Celiac disease is an autoimmune (a disease in which the human immune system begins to attack various tissues of the body itself) disease of the small intestine that can develop at any age in people with certain genetic characteristics.
Symptoms of celiac disease include diarrhoea, fatigue, stomach upset, and bloating. The disease can also manifest itself without any abdominal symptoms. Celiac disease can also be indicated by, for example, iron deficiency anaemia, unexplained fatigue, depression, itchy rash (dermatitis herpetiformis), changes in tooth enamel, etc. The disease can also be asymptomatic.
Celiac disease is caused by a reaction to the protein gliadin, which is a gluten protein found in wheat. Similar proteins are found in barley and rye. The only effective treatment is a lifetime gluten-free diet.
HLA or Human Leukocyte Antigens is a group of genes located in the short arm of the 6th chromosome. They produce molecules that are actively involved in various immune system reactions. These molecules present to our immune system various substances that are formed inside or enter the body, and in this way can directly affect the response of the immune system.
The interaction between the genes that cause celiac disease and the environment plays an important role in the development of celiac disease. The results of many studies show that for this disease to develop, the individual must carry two variants of the HLA gene, HLA-DQ2.5 and/or HLA-DQ8. Undoubtedly, the most important environmental factor is the consumption of gluten-containing foods.
For celiac disease patients:
the test for one or both of these gene variants is positive in 97% of cases;
the test for DQ2.5 gene variants is positive in 90% of cases;
the test for DQ8 gene variants is positive in less than 10% of cases.
However, even if a person has been diagnosed with these so-called “Celiac genes” (or rather, “gene variants”) it does not mean that he/she will definitely develop celiac disease. This only indicates that this person has an increased risk of developing celiac disease.
If a person does not have the variants of these genes, then the chance of developing the celiac disease during the lifetime is very low or even non-existing.
Who should undergo a celiac disease DNA test?
Description of our celiac disease DNA test and interpretation of results
There are several celiac disease test variations worldwide, which differ significantly methodologically and in the accuracy of gene variant determination.
We offer the detection of HLA gene variants by the sequencing method, which is the gold standard in molecular biology. With our test, we not only determine whether or not the person is a carrier of DQ2.5 and/or DQ8 variants (yes/no). This test shows which variants of HLA-DQ the person carries. This test will provide accurate information about whether the person has gene variants that may increase their risk of developing the disease.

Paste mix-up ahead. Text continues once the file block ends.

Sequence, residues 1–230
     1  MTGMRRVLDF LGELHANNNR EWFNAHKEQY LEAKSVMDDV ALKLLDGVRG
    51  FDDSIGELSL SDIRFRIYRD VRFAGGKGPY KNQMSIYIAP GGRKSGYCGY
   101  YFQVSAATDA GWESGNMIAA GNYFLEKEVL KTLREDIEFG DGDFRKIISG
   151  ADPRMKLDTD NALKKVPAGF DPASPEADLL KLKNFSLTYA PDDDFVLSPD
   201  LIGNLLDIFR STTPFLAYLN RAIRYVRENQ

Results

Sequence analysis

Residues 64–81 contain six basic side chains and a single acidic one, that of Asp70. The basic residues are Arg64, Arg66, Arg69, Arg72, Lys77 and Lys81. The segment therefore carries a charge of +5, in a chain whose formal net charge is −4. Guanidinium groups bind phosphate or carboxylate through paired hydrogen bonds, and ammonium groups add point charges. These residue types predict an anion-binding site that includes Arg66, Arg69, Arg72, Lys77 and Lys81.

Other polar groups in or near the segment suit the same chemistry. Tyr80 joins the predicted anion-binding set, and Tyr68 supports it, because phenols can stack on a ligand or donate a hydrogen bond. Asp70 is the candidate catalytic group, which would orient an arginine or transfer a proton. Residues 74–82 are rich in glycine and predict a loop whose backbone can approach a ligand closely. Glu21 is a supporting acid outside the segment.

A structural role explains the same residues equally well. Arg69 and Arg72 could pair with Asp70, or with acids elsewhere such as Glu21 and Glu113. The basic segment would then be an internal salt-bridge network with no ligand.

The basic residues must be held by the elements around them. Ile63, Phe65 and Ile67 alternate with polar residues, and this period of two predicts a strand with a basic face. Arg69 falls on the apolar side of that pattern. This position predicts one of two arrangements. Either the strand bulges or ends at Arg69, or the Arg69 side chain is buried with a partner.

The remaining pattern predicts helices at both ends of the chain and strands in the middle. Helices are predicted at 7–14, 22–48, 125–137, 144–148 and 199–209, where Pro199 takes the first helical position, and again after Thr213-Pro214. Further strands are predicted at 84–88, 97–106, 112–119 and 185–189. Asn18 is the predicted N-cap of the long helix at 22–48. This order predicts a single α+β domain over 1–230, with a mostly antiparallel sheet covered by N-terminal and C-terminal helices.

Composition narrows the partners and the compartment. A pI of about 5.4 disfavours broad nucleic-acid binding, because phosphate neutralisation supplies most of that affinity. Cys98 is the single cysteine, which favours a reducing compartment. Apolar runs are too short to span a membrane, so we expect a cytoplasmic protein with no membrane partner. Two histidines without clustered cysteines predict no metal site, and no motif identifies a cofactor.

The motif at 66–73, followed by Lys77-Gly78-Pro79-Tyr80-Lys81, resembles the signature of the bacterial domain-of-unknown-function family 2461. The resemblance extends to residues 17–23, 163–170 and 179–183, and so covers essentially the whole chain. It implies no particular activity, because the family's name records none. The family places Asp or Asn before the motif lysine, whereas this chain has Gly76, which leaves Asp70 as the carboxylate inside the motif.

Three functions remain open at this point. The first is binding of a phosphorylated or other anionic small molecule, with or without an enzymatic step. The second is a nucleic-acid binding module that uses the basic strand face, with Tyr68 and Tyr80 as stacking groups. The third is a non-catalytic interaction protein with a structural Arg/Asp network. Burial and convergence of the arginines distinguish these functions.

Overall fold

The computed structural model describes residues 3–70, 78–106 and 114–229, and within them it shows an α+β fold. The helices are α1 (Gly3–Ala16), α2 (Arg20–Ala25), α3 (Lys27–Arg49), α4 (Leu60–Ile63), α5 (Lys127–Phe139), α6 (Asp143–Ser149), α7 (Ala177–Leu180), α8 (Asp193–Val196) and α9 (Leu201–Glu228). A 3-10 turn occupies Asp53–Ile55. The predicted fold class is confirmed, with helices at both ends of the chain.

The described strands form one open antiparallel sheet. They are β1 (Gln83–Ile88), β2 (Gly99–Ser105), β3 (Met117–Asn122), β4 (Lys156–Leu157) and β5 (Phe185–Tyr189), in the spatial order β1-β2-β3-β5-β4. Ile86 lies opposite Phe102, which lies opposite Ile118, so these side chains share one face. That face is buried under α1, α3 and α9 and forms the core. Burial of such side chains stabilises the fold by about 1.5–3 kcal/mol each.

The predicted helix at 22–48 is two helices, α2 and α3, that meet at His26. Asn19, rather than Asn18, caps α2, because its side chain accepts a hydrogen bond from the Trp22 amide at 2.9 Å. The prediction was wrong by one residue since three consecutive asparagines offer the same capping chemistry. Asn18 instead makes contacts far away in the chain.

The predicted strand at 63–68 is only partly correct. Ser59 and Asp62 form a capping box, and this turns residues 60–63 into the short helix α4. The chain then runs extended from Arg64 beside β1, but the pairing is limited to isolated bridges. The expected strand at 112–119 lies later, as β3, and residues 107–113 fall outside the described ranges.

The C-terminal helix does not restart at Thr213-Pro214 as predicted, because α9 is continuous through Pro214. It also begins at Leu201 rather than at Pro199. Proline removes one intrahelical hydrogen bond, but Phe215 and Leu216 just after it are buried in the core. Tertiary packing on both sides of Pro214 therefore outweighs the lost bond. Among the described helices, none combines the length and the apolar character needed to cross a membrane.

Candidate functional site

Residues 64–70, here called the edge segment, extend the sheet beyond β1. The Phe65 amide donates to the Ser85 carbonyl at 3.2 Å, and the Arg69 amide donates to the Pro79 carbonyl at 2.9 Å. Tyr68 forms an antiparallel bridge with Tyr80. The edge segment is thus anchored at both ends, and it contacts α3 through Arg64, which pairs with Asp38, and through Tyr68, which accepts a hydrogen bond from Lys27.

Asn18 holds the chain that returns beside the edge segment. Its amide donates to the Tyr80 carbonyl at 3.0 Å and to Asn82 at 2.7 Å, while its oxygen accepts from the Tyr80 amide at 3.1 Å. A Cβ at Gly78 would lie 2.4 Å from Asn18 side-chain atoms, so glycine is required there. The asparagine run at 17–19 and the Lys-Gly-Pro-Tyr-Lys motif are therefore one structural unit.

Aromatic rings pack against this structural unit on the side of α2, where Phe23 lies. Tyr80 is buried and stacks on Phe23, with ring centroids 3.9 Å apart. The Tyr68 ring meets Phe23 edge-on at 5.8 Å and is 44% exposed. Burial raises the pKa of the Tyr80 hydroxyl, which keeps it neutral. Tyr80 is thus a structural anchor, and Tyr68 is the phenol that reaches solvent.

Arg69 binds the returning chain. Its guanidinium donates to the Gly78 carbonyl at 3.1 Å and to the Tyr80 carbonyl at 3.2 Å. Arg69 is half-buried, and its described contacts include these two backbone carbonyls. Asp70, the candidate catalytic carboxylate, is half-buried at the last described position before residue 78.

If the patient has combinations of gene variants that produce DQ2.5 or DQ8 molecules, it means that the patient is at risk of developing celiac disease over their lifetime. If such gene combinations are not found, it means that it is virtually impossible for the patient to get celiac disease over their lifetime.
Gene variants at risk for celiac disease are negative but the abdomen hurts and bloats.
What should I do?
As mentioned above, this gene test rules out celiac disease in all but 2–3% of cases. Therefore, if there are clinical signs of celiac disease, elevated autoantibody titres, and atrophy of the intestinal villi, and the physician cannot find another possible cause for the symptoms, the diagnosis of celiac disease will remain. Diagnosis of celiac disease is clinical, not genetic. Genetic testing only assists the physician in determining the diagnosis.
It should also be remembered that there are several other diseases and conditions involving the atrophy of the villi of the small intestine, that are not celiac disease. For example, Giardia Lamblia infection, autoimmune enteritis, eosinophilic gastroenteritis, Crohn's disease, intolerance to various foods, etc. Consult your doctor.
*Data by the Chicago Celiac Center
Useful information: www.dzivebezglutena.lv
With a doctor’s referral (for a complete list, see the “Prices”) section) medical DNA tests (except for the prenatal NIPT “Panorama” test for pregnant women) are paid for by the NHS. Important! The NHS only pays for the test if the referral is issued as part of an NHS-paid visit, and the doctor has a contract with the NHS. Referrals issued during a paid visit will not be valid. Quotas are available.
The sample for DNA testing can be submitted at any branch of our partner - Centrālajā laboratorijā.
You can also order all offered DNA tests at full price. Remote contactless testing is available for both paid and NHS-referred tests. All medical DNA tests can be performed remotely, except for tests on pregnant women, where a blood sample must be collected.